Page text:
No Blood for Social Media

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Remember the story, “How did WWI start?”—”If we only knew.” I have some serious similar concerns about current events.

First and most obviously we are losing perspective on what free speech means. Caught for killing a liquor store clerk, you can’t claim violation of expression. That kind of action is in the criminal, not civil realm.

While, admittedly, YouTube has at times called attention to atrocities, they are unquestionably—instead of reporting—intentionally provoking for profit continuing international criminal violence.

We are now told that corporations are people. Any person caught in such a pattern would be arrested and enjoined from further inciting murder, to say nothing of warfare. So, I do not understand why YouTube cannot be charged with manslaughter if not degrees of murder with intent, including conspiracy.

And does no one consider that sending troops to in effect defend a viral extremist and Google/YouTube’s right to profit from resulting international violence is even more perverse than sending troops to secure international oil based on concocted intelligence?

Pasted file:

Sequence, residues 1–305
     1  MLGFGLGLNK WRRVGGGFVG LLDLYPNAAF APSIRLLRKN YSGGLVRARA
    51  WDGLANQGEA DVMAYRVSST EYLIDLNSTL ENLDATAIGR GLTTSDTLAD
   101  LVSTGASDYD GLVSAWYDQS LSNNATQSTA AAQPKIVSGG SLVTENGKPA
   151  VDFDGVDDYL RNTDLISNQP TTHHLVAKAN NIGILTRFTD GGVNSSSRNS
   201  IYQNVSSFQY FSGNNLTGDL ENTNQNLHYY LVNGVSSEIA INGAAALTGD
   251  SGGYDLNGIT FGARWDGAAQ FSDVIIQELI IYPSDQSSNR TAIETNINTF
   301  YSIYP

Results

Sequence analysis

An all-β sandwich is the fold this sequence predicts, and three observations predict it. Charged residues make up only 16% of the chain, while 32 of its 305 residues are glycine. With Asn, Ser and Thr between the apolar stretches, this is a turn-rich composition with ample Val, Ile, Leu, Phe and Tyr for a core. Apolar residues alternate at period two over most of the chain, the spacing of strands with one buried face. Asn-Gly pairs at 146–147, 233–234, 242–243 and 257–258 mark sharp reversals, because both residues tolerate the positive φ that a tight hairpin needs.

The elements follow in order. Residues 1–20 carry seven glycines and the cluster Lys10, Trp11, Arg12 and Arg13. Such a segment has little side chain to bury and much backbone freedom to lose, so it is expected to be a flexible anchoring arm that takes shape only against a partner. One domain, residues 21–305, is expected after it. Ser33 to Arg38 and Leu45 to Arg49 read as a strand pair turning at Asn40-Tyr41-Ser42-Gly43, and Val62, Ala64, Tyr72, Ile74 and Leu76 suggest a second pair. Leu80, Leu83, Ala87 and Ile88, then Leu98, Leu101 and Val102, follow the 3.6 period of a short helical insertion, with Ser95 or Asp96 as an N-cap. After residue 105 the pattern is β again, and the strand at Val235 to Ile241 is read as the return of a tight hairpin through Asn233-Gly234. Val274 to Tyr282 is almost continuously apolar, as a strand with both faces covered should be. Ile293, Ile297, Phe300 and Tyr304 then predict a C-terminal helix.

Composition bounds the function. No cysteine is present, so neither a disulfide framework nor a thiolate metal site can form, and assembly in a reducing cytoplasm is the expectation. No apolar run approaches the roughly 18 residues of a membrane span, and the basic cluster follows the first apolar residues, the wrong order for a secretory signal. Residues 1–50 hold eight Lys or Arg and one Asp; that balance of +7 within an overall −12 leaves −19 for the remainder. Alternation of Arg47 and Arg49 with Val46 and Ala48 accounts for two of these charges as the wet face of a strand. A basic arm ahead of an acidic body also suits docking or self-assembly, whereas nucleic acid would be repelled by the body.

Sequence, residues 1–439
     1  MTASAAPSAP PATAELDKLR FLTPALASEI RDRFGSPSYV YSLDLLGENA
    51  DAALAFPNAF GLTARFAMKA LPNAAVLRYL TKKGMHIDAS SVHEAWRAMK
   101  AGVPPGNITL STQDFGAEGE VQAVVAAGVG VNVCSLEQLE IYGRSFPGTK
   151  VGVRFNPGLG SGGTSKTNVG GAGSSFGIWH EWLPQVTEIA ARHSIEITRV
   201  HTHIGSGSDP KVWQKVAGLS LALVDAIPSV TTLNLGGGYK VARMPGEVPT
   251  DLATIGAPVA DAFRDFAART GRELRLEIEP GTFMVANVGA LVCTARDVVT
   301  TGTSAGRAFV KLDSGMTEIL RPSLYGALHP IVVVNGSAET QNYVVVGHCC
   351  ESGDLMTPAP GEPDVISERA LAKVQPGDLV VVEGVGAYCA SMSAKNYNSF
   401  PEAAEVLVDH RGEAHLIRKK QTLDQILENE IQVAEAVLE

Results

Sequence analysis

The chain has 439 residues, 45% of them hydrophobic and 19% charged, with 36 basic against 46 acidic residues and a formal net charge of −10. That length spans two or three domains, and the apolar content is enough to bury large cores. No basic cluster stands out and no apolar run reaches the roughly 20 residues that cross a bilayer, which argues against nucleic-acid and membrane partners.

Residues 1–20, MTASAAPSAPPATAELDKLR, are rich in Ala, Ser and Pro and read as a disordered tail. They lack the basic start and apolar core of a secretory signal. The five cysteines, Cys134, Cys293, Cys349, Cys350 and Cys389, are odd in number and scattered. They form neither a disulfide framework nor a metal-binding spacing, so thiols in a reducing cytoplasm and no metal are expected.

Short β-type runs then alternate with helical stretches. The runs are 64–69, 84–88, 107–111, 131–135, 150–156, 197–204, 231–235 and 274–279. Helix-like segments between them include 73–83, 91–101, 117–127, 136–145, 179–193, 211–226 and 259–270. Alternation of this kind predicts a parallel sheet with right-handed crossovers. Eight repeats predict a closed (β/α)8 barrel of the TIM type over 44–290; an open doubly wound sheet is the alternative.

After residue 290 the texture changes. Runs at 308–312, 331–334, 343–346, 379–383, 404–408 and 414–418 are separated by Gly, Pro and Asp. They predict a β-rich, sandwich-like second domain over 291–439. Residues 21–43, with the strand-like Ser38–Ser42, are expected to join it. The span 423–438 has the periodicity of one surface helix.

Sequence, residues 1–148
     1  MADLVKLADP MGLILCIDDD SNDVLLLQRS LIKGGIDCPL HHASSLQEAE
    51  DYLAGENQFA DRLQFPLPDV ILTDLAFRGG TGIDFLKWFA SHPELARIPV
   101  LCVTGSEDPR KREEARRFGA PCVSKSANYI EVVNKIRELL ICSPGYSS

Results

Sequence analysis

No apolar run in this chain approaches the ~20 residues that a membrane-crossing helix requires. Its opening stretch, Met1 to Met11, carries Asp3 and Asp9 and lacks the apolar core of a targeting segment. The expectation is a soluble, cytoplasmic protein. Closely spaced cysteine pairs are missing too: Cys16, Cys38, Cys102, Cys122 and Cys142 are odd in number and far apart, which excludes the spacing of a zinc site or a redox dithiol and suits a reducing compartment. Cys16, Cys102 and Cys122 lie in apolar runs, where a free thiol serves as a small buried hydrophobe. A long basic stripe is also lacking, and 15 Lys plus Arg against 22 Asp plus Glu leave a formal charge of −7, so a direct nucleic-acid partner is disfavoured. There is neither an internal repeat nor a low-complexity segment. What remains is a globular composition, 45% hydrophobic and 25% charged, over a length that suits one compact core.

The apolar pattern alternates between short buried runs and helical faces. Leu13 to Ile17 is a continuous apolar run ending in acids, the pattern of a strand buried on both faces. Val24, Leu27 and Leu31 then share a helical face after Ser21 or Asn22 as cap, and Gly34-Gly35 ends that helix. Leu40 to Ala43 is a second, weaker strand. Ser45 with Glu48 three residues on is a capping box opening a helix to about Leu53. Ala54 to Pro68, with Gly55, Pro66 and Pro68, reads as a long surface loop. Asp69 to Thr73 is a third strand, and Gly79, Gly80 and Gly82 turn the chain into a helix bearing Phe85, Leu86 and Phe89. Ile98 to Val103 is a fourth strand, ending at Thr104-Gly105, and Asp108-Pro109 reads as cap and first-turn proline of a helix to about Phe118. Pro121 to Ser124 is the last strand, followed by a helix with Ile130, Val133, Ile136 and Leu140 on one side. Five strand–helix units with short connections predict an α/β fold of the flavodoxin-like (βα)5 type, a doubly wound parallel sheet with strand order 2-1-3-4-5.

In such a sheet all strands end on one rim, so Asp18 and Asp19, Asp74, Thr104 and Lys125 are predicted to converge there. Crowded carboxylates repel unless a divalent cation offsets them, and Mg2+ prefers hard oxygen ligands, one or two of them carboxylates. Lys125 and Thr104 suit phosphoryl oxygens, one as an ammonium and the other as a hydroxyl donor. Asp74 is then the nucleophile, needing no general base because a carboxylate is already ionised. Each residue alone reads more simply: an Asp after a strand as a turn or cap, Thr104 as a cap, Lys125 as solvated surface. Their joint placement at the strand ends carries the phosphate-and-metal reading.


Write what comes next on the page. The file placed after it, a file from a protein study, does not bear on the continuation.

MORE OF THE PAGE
I recognize this is just one video out of a billion, and I know all about the slippery slope. I have stuff up there and am waiting to post more.

But I think the DOJ needs to awaken to new realities. Communications now means what once may have been repellant but legal here, is now internationally legitimized by distribution without the mitigating perspective of professional journalism and criticism. Such disregard for the laws of other nations cannot fail to continue to provoke violence, with some reason. This person YouTube deserves a thorough questioning as to its responsibilities to the rest of the citizenship. Again, murder is not a free speech issue. In the national interest justice now demands proof that YouTube is not a sociopath.

I further hold that a good citizen would actually realize this and voluntarily remove the post; at the very least to not so needlessly put world citizens, civil and military servants at further risk. The patriotic approach is to calm tensions by extracting oneself from the situation as quickly as possible while pursuing a durable solution. No lame excuse about your ‘standards difficulties’ is worth a single life. And there are too many other uncertainties in play.